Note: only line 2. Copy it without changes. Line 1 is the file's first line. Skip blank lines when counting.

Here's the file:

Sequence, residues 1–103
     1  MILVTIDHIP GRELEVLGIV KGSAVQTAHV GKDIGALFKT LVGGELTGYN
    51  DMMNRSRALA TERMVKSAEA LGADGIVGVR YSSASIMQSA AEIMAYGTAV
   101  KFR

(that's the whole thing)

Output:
     1  MILVTIDHIP GRELEVLGIV KGSAVQTAHV GKDIGALFKT LVGGELTGYN